Saturday, January 11, 2014

Why can a constructor not be marked static in Java?

Constructors are called automatically at the time of creation of the instance of the class. A constructor is meant to set instance variables and it could not access them if it were static. So this question itself does not make sense. But, lets continue this for sake of curiosity.

Consider the following points from Java Language Specification:

  1. Constructors, static initializers, and instance initializers are not members and therefore are not inherited.
  2. If a class declares a static method m, then the declaration m is said to hide any method m', where the signature of m is a subsignature of the signature of m', in the superclasses and superinterfaces of the class that would otherwise be accessible to code in the class. 
But we have static initialization blocks which can be viewed as "static constructor":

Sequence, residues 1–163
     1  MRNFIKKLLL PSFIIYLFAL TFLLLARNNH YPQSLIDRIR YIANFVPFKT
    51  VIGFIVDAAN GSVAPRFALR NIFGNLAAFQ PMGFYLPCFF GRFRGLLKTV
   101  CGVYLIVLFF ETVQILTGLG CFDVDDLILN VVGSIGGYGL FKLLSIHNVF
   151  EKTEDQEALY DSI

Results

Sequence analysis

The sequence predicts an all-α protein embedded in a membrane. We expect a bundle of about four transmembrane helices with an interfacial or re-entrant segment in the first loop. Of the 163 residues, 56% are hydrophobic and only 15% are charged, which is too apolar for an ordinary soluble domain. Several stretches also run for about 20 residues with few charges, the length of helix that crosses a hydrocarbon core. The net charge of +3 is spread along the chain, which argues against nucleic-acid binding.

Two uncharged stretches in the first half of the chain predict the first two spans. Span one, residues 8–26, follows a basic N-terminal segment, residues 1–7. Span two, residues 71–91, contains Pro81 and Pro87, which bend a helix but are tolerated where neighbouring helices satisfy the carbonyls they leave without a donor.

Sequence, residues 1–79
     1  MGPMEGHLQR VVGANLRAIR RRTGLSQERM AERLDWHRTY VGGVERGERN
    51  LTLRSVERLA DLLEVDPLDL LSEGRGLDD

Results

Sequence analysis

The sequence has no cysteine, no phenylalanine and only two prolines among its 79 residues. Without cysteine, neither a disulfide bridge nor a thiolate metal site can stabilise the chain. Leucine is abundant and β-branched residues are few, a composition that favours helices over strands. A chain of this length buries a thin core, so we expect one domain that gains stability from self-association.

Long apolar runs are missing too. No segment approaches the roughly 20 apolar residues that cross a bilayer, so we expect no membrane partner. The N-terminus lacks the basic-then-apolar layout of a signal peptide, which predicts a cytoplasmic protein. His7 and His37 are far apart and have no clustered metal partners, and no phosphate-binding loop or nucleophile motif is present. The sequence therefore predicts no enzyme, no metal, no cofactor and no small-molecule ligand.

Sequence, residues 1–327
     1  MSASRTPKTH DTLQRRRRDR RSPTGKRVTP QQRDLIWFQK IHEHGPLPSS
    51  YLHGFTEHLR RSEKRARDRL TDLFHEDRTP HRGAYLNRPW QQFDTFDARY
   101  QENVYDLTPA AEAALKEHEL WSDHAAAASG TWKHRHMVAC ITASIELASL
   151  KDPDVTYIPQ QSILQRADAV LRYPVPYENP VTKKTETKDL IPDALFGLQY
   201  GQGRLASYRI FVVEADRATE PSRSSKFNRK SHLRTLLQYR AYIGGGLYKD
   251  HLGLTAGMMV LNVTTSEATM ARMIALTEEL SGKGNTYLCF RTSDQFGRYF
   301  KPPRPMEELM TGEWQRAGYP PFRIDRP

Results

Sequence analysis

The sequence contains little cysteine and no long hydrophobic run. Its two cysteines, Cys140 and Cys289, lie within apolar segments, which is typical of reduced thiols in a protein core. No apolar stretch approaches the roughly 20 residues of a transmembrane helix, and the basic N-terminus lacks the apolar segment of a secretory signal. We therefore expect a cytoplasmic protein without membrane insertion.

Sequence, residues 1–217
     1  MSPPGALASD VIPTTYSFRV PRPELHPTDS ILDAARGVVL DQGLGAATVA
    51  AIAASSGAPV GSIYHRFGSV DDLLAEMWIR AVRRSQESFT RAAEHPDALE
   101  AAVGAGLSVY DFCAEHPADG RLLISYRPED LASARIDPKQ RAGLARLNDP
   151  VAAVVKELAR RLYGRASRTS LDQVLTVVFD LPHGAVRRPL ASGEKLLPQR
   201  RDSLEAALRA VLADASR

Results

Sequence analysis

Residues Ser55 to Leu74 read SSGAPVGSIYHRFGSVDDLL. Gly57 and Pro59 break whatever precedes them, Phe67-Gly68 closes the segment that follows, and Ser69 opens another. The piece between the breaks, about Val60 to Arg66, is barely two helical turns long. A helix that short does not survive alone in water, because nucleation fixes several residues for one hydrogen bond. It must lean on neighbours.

class Foo {
  static String Bar;
  static {
     // "static constructor"
     Bar = "Hello world!";
Actually the only method in main class that must be static is main() method, because it is invoked without creating first instance of the main class. The following are worth reading:
  1. Classes and Objects
  2. Understanding Instance and Class Members
One point to notice is: static methods are sometimes more handy than a constructor. When we have an object of immutable type (for example String) then using a constructor will always create a new object, whereas by using static methods we can reuse the same object (rather it it recommended). We can also reuse mutable objects when we know they will not be altered in anyway.

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